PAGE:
Massage is one of the earliest forms of physical therapy and a recognised recovery aid for people who take part in sport, as a hobby or competitively, which can dramatically enhance performance.

What does a sports massage include?

The three main types of massage used in sport are effleurage, petrissage and frictions. The main pressure and hand movements are directed towards the heart to increase blood flow.

Effleurage consists of a variety of stroking movements and is ‘explorative.’ Petrissage is used on deeper tissues for stretching muscle fibres. Frictions may be used for exploratory purposes, or for more intense massage such as separating muscle fibres.

Why have a sports massage?

A massage therapist who carries out sports massage will have a good understanding of muscular and skeletal systems and be able to tailor treatment to an individual’s needs. If you have a busy training schedule, it would be beneficial to seek a mobile massage or a home massage.

Those who take part in regular activity are at risk of overuse injuries and imbalances to the soft tissues in the body. If the ‘wear and tear’ is left without treatment, it can spiral into bigger problems and chronic pain, thus hampering sporting potential. A regular, skilful massage can release tension in the muscles and restore balance.

It also aids relaxations and eases stress. It can be used to prevent injuries or as part of recovery. A massage therapist can detect problem areas early and avoid a build-up of tension which may lead to injury and stress on the joints, ligaments, tendons and muscles of the body.

Massage for a sporting event

If you are competing in a sporting event, such as a run or triathlon, it is worth investing time into massage and treat it as an important part of the training schedule. Leading up to the event, ensure that you have regular sessions to avoid overuse injuries. You may be feeling anxious and a massage can help release stress.

Pre-event massage will aid with warming up the muscles and enhancing circulation and the flow of blood through the muscles. A therapist who can come to your home or a mobile therapist, would be most beneficial. The purpose of a pre-event massage is usually to stimulate the muscles and prepare them for the activity.

A post-event massage can help break down the lactic acid which builds up in the muscles. It can also act as a relaxation technique and enhance the recovery process.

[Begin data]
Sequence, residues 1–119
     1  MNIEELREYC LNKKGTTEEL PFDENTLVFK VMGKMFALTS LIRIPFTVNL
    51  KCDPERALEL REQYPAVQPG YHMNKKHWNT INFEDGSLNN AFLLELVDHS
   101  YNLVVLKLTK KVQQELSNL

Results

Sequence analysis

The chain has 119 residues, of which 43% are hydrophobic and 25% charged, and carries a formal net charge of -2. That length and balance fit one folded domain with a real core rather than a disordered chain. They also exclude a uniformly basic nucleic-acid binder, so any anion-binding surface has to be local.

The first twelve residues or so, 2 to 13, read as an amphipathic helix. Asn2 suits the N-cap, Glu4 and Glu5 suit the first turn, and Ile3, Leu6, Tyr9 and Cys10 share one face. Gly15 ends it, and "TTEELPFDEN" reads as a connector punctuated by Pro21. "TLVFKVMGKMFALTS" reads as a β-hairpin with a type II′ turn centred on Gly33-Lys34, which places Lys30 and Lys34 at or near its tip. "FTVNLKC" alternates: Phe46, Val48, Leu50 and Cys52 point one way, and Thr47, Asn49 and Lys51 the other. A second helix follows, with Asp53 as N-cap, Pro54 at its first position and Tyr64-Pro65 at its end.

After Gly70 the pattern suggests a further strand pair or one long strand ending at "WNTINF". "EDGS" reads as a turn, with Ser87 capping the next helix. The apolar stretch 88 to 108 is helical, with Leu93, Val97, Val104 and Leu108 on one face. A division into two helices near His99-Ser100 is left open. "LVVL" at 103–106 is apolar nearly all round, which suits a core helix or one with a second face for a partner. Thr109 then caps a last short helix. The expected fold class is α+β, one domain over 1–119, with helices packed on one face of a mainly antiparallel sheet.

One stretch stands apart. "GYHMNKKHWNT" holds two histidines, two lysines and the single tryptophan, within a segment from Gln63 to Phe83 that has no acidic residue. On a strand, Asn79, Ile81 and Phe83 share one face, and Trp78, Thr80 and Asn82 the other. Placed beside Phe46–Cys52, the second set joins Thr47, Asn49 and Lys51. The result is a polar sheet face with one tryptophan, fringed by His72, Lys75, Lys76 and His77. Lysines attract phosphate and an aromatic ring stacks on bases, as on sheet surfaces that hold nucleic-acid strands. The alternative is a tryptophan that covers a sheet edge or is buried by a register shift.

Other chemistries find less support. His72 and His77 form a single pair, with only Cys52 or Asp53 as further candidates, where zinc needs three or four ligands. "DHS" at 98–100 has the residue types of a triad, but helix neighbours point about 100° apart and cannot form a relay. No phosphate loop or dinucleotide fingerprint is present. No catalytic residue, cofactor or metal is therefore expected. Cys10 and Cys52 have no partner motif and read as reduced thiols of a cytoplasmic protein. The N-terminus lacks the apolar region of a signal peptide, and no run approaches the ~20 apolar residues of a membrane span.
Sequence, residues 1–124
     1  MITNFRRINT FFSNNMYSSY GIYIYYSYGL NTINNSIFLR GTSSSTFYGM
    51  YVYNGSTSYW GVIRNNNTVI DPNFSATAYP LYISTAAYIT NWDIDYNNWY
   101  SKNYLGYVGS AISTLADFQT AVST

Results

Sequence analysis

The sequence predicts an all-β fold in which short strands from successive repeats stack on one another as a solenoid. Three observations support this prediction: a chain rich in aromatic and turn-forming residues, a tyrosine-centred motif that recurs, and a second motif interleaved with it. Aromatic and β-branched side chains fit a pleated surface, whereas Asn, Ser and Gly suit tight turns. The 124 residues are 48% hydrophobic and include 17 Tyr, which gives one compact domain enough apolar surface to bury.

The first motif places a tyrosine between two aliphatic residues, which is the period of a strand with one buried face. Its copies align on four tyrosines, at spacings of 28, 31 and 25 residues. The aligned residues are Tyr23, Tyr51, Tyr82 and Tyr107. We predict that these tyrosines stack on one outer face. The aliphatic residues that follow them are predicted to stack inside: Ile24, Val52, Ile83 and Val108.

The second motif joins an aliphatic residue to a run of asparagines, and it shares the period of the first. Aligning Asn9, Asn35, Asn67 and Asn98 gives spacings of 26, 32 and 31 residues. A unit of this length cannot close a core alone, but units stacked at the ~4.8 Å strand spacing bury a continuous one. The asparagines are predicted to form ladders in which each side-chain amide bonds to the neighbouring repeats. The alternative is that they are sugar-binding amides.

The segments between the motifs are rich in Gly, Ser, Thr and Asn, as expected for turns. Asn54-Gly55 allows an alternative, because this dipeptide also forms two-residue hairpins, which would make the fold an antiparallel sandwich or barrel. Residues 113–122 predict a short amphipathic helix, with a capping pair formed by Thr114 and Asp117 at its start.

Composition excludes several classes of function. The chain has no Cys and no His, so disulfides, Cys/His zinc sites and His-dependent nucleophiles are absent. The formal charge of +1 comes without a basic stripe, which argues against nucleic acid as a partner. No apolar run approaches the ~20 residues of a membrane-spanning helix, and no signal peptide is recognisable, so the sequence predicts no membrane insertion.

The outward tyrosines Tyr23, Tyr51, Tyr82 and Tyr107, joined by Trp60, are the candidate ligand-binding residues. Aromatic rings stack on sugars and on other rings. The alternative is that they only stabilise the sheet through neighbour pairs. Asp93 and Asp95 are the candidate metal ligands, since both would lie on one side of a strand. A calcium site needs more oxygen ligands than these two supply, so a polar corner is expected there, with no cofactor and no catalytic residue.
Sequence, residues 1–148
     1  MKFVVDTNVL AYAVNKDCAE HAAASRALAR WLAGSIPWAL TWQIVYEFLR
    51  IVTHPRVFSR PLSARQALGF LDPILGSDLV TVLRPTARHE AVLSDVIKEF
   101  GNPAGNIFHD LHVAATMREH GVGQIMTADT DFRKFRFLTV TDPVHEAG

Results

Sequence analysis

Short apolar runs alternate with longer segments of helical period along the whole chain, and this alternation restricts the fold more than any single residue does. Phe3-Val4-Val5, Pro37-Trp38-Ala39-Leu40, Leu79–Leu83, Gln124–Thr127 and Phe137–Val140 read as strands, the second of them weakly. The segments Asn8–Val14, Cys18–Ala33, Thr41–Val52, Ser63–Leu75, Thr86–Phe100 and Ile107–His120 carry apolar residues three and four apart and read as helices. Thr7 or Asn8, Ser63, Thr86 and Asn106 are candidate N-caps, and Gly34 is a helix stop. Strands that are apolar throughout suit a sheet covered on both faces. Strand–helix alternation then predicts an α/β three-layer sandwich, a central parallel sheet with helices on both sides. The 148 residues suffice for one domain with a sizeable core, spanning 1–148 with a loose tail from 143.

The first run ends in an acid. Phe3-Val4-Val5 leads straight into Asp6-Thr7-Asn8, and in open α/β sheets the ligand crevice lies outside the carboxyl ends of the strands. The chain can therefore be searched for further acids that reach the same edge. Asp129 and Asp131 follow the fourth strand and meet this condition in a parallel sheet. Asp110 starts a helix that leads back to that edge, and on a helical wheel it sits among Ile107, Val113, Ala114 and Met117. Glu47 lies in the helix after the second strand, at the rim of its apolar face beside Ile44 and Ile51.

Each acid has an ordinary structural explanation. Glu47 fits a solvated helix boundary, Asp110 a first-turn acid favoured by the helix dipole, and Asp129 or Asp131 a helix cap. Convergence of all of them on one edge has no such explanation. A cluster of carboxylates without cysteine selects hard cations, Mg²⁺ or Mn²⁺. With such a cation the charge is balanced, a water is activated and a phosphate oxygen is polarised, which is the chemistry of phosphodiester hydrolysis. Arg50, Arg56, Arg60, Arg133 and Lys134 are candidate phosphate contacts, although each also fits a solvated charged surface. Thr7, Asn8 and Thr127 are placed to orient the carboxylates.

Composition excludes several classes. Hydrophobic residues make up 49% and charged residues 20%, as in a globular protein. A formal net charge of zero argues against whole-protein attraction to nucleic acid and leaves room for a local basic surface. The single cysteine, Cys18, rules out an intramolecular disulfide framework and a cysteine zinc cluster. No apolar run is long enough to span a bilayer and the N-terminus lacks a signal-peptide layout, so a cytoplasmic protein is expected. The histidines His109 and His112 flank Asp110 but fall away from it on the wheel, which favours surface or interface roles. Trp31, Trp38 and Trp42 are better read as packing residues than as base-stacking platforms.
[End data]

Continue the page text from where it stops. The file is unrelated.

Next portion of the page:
Rehabilitative massage

A good sports massage can speed up the healing process and reduce discomfort in the body, allowing you to get back on track quicker. As such, it is effective as part of the rehabilitation process and eradicates stress in the body and on muscles.

Maintenance massage

A regular massage treatment programme is beneficial for any ongoing ‘issues’. A therapist will be able to concentrate on particular muscle groups and help maintain, or even improve, performance and movement.

Contrary to popular belief, a sports massage is not necessarily for very active people or athletes.

Absolutely anyone can benefit from sports massage, including people in physically demanding jobs such as labouring or mining, or, surprisingly, less manual jobs which induce regular postural stresses on the body (such as hairdressing).

A consultation with a massage therapist will help you determine the best course of treatment for you and your lifestyle.

There are times when sports massage can actually be detrimental. These include on sprained ligaments, muscles tear, haemophilia, infectious skin diseases and cancer. It is important to get advice and determine your personal suitability for this course of action or discover other options open to you.

If it is the advised course, aim for weekly sessions and increase them with any increases in sporting activity or if you feel you have problem areas which need extra attention.